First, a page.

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Catch up on coronavirus stories and special reports, curated by Mike Allen everyday

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Senate Majority Leader Mitch McConnell. Photo: Stefani Reynolds/Getty Images

Senate Majority Leader Mitch McConnell (R-Ky.) has urged White House negotiators not to cut a deal with Democrats on new coronavirus stimulus before the election.

Driving the news: McConnell informed Senate Republicans of the move at a closed-door lunch on Tuesday, two people familiar with his remarks tell Axios. McConnell's remarks were first reported by the Washington Post.

Why it matters: Any agreement between House Speaker Nancy Pelosi and Treasury Secretary Steven Mnuchin, the White House's top stimulus negotiator, would likely be shot down by Senate Republicans — which could put GOP incumbents in tight races in an even more precarious spot just days away from Nov. 3.

What we're hearing: McConnell told his conference that he signaled to the White House that Pelosi isn't willing to give enough and isn't negotiating in good faith, the two sources said.

  • He also voiced concerns about any distraction to the Senate's plans to confirm Amy Coney Barrett to the Supreme Court, which he plans to hold a vote on next Monday.

Yes, but: Hours after the Senate GOP lunch, Pelosi and Mnuchin — who dialed in from Israel — spoke again and are moving "closer to an agreement," Pelosi's deputy chief of staff Drew Hammill said.

  • "[B]oth sides are serious about finding a compromise," Hammill added. "The two principals will continue their discussions tomorrow afternoon upon the Secretary's return."

Between the lines: President Trump wants "a big deal" before Nov. 3, and he's indicated his willingness to spend several trillion dollars as he seeks re-election.

  • But that idea faces strong opposition from Republicans wary of another massive pandemic relief package.
  • Mnuchin is widely seen by many GOP lawmakers as someone who is too willing to compromise with Democrats and give in to Pelosi's demands.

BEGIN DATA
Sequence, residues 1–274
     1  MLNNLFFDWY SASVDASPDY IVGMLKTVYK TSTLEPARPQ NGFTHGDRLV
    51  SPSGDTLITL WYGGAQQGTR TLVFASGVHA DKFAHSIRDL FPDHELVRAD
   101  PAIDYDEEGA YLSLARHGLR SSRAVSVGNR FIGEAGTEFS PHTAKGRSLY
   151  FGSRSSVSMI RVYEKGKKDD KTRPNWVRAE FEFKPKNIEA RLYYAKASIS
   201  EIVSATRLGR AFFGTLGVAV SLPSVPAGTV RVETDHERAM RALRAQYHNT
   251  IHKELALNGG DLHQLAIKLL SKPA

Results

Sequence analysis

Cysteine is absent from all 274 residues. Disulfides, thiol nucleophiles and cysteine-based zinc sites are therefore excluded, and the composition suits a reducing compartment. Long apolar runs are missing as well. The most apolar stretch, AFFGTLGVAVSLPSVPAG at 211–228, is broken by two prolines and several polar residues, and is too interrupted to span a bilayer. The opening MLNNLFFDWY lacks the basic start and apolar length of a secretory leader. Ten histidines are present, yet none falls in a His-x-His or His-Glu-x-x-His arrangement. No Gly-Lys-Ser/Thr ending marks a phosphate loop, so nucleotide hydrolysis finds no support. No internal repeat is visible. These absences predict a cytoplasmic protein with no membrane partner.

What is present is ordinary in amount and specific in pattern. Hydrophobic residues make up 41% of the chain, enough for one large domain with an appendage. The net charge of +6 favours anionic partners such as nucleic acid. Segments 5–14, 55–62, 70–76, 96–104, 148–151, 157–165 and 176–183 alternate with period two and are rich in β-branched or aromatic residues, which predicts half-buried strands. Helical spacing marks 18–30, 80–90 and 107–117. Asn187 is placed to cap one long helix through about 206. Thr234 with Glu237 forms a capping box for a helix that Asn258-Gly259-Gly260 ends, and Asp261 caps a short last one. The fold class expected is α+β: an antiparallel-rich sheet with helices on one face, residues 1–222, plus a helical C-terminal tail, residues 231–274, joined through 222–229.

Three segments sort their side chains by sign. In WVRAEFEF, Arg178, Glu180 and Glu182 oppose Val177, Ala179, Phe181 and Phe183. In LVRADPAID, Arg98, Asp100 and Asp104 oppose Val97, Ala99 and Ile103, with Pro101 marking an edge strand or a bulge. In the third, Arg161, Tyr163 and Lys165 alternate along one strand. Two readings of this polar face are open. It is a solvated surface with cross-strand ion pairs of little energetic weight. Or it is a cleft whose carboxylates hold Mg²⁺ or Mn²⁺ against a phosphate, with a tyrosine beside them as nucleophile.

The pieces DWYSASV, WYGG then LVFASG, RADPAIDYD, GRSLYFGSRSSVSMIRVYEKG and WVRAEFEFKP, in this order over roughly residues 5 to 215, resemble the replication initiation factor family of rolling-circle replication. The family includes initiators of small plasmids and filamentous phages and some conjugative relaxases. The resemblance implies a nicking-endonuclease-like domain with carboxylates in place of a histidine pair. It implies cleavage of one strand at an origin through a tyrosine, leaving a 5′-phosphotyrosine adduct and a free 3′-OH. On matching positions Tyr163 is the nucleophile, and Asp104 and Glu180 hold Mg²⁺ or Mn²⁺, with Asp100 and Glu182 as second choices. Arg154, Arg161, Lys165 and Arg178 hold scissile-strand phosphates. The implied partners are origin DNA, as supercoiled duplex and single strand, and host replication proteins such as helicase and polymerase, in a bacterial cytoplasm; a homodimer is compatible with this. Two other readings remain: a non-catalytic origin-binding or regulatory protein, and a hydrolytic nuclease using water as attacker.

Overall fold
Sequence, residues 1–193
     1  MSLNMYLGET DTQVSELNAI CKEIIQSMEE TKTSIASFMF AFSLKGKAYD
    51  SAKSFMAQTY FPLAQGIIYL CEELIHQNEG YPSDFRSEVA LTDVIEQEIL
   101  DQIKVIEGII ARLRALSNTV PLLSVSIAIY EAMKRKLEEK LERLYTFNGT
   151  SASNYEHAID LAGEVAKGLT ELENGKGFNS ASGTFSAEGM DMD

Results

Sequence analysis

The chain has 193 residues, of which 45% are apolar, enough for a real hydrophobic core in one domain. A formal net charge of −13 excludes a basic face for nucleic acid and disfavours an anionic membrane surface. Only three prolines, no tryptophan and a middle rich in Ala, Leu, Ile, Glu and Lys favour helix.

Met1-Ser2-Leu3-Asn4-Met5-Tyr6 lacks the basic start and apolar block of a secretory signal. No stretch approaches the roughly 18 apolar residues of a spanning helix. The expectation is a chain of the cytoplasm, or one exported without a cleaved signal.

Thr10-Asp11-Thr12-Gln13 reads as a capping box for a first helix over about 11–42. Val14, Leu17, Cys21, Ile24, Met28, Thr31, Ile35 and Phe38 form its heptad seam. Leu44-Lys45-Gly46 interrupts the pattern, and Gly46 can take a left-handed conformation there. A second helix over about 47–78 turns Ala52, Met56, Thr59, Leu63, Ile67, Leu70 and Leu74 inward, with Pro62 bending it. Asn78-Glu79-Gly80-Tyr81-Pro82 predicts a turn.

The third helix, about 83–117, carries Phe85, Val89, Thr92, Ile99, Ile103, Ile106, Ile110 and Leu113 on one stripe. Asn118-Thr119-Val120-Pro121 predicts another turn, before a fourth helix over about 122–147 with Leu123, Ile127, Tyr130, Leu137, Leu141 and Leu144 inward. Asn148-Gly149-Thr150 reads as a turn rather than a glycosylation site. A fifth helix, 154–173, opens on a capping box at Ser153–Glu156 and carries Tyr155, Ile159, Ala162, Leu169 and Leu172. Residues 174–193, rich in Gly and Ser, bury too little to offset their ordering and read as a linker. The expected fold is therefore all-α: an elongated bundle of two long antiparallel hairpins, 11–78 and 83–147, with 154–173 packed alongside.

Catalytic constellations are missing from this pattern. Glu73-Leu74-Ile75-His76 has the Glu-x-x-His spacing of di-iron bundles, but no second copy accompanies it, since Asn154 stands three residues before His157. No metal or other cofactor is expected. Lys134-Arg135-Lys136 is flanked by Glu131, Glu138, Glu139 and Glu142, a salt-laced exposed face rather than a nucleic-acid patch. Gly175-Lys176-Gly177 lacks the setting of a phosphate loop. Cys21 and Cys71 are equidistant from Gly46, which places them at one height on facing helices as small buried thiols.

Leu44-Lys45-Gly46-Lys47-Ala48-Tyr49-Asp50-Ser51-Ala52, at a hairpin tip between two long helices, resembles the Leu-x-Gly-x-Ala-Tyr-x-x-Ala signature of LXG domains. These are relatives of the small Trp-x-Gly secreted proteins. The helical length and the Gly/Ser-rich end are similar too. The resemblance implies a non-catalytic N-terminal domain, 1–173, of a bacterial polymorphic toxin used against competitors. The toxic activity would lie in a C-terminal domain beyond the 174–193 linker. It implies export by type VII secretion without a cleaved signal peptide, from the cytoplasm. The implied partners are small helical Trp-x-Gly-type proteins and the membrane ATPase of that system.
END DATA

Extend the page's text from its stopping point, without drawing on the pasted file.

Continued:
What's next: GOP senators want to save face by voting on a smaller, more targeted $500 billion relief bill this week. But the move is largely about optics, and Democrats have said it's too small to garner their support.

Go deeper: McConnell says stimulus "unlikely" before election despite Trump's desperation

Go deeper

Jan 27, 2021 - Politics & Policy
Scoop

White House plots "full-court press" for $1.9 trillion relief plan

National Economic Council director Brian Deese speaks during a White House news briefing. Photo: Alex Wong/Getty Images

The Biden White House is deploying top officials to get a wide ideological spectrum of lawmakers, governors and mayors on board with the president’s $1.9 trillion COVID relief proposal, according to people familiar with the matter.

Why it matters: The broad, choreographed effort shows just how crucially Biden views the stimulus to the nation's recovery and his own political success.

Most Senate Republicans join Rand Paul effort to dismiss Trump's 2nd impeachment trial

Photo: Joshua Roberts-Pool/Getty Images

Forty-five Senate Republicans, including Minority Leader Mitch McConnell, supported an effort to dismiss former President Trump's second impeachment trial.

Why it matters: The vote serves as a precursor to how senators will approach next month's impeachment trial, making it highly unlikely the Senate will vote to convict. The House impeached Trump for a second time for "incitement of insurrection" following events from Jan 6. when a pro-Trump mob stormed the Capitol.

The Mischief Makers

Illustration: Sarah Grillo/Axios

Several Republican and Democratic lawmakers are emerging as troublemakers within their parties and political thorns for their leadership.

Why it matters: We're calling this group "The Mischief Makers" — members who threaten to upend party unity — the theme eclipsing Washington at the moment — and potentially jeopardize the Democrats' or Republicans' position heading into the 2022 midterms.

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